Yoga 101: Basics, Benefits and how to Begin

Yoga 101: Basics, Benefits and how to Begin

Yoga has become almost a buzzword in today’s society. But what’s all the hype about? Is it an exercise routine? Just a bunch of stretching? Meditation? Or all of the above? Many tout the variety of benefits which include increasing strength, balance, flexibility, heart health, relaxation, as well as improving mood and sleep, and reducing pain and stress. However, looking past the fancy poses and flexibility, at its core yoga is a practice focused on a mind-body connection. But what does this all mean exactly? Let’s break it down.

Rooted in ancient Eastern philosophies, yoga was originally less about the physical practice and more about sitting in meditation, with the aim of calming the mind and deepening the breath. Overtime, practitioners incorporated a series of physical postures to rejuvenate the body and compliment the breath work and mental focus. In the West, yoga has become extremely popular as it adds balance and peace to busy, on-the-go lifestyles. Regardless of your goals, the physical and emotional benefits of a regular practice, makes yoga a powerful self-care tool for finding focus, fitness, relaxation, balance, and wellness. 

There’s a common misconception that to practice yoga you need to be uber flexible or ready to take on advanced postures. But yoga truly is for anybody and every body, no matter your age or physical ability. There’s always a modification or variation that will best suit you and make the practice accessible and enjoyable. Let’s break down the three focused areas of a practice; the physical body, the breath, and the mind. 


The physical portion of yoga is designed to build strength, develop balance and flexibility, improve posture and spinal alignment, and soften tense areas in the body. This physical practice is called ‘Asana’, and it’s demonstrated by a series of postures and transitions, which are linked by breath, designed to challenge the body and increase circulation and flexibility in the joints, muscles, and ligaments. Consistently moving and stretching this way has also been proven to help relieve chronic pain and rehabilitate injuries. Though these physical benefits are only one small part of yoga as a whole, the transformation one feels after a regular practice can be what initially hooks them.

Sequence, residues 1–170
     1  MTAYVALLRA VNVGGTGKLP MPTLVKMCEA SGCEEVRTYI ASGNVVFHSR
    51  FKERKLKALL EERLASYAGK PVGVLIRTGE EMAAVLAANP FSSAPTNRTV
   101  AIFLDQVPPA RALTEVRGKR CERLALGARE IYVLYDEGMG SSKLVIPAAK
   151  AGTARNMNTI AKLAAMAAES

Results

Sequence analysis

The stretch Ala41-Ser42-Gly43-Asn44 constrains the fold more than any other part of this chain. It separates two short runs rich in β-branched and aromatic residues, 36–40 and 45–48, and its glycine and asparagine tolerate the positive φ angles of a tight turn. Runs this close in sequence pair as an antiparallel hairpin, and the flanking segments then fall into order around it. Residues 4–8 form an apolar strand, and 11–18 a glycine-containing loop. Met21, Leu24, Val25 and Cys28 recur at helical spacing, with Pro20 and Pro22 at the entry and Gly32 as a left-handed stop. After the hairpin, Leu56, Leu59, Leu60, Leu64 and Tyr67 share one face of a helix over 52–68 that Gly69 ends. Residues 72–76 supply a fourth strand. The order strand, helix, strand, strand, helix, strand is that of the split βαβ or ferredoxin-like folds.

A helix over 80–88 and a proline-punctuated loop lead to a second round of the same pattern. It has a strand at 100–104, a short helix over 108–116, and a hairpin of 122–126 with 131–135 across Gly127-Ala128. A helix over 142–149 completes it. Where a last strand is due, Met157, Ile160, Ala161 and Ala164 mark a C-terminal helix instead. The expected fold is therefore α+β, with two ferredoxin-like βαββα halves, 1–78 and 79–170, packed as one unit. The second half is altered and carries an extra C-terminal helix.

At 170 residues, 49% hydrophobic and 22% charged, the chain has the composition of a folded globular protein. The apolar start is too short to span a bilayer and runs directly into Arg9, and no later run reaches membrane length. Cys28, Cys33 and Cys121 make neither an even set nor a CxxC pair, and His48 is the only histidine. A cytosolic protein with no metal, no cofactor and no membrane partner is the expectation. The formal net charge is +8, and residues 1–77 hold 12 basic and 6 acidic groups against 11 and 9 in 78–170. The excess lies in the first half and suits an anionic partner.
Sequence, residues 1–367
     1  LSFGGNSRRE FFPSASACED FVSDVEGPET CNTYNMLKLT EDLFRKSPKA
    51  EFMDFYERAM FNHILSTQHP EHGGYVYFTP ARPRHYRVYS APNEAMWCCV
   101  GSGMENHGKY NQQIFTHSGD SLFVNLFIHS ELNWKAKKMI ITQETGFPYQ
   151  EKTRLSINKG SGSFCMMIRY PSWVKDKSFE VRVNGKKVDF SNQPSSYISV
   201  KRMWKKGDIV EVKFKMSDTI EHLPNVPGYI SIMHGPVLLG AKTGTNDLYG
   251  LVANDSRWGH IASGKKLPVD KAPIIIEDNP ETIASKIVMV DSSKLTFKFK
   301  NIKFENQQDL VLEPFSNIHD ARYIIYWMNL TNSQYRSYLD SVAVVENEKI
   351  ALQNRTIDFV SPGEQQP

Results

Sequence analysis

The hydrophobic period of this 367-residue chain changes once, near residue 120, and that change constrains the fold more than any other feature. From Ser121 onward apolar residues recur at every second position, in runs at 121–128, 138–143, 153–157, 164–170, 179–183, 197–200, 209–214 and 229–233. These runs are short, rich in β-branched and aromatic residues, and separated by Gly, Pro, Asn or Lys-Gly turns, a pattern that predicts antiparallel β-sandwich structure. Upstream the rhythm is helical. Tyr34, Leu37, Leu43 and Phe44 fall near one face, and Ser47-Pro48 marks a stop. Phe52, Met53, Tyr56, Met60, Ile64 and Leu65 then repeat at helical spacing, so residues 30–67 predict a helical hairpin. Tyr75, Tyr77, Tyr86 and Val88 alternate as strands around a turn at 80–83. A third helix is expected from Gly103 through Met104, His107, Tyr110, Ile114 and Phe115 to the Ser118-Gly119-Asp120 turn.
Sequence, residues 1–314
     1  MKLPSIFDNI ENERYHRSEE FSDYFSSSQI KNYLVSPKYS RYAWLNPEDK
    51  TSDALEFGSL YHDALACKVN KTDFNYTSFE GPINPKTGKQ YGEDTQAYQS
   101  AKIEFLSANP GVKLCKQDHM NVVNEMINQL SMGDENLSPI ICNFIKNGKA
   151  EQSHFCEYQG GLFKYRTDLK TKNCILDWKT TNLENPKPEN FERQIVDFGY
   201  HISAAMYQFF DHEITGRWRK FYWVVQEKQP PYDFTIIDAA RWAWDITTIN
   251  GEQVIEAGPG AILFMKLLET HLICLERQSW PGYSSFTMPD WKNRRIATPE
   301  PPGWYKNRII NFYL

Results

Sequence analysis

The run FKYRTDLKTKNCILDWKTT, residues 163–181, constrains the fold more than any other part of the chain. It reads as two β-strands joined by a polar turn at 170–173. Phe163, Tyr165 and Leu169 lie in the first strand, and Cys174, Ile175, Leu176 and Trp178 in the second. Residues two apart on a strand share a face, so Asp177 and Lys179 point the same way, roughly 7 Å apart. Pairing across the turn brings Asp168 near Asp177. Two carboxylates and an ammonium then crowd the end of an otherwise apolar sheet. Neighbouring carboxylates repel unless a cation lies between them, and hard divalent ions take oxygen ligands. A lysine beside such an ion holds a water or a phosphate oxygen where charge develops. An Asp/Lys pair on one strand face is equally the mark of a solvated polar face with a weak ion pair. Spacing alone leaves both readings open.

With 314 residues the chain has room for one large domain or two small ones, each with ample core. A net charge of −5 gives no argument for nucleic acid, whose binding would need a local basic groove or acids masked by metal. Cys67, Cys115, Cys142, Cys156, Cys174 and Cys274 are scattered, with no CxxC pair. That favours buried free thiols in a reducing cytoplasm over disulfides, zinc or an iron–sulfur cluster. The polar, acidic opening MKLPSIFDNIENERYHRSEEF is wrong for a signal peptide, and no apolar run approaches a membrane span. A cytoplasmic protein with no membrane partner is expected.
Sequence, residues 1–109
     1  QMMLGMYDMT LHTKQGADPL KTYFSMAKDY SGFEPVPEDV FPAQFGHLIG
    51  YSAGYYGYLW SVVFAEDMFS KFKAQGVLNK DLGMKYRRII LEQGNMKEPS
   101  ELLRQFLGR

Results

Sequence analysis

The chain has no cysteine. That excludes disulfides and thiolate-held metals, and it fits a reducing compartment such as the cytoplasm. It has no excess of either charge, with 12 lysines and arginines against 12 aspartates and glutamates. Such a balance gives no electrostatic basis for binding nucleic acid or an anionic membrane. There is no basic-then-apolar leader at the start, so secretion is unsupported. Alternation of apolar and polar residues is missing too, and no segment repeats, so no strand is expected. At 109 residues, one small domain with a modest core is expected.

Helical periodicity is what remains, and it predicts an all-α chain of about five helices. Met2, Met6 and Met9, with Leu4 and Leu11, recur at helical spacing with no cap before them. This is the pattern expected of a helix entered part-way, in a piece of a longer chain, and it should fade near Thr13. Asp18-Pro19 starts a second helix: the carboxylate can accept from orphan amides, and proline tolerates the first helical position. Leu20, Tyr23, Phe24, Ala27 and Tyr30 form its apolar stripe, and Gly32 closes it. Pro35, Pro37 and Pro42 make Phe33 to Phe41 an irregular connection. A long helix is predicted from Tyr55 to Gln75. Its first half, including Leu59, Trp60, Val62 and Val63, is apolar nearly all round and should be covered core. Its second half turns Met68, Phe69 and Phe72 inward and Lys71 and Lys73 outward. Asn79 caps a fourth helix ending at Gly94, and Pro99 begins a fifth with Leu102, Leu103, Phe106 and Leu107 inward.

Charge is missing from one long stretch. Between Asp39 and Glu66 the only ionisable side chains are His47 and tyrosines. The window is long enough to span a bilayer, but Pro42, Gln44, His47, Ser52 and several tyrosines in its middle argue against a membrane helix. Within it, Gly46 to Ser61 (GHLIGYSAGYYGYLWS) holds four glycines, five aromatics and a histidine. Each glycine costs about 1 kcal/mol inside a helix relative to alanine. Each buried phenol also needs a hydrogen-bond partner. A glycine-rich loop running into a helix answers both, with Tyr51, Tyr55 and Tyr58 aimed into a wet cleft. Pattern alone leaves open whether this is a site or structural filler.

Sun Salutations is a great representation of the physical practice. It’s a standard set of repetitive movements that involves extending (opening) and flexing (rounding) the spine through a series of backbends, forward folds, and downward dog inversions. They work to warmup and tone the entire body and help cultivate a connection between movement, breath, and mental focus. 


In yoga, focusing on the breath is called ‘Pranayama’, practiced using different patterns and exercises that guide you through each inhale, hold of breath, and exhale. In the physical practice, breath is the driving force, linking each move of the sequence to the inhale or the exhale, creating a moving meditation. Paying attention to the breath is the number one key component to yoga, helping fill the body with fresh oxygen and promoting relaxation and focus. Here are the two most common breathing techniques and their unique benefits:

Diaphragmatic Breath (AKA ‘Belly Breath’): * The diaphragm is a muscle located at the base of the lungs. Diaphragmatic breathing involves expanding and engaging the abdominal muscles, allowing air to flow through the lower portion of the torso, filling the lungs more efficiently, and working to empty them completely. In addition to strengthening the diaphragm itself, this method of breathing is extremely relaxing and can lower blood pressure by bringing fresh oxygen into the blood.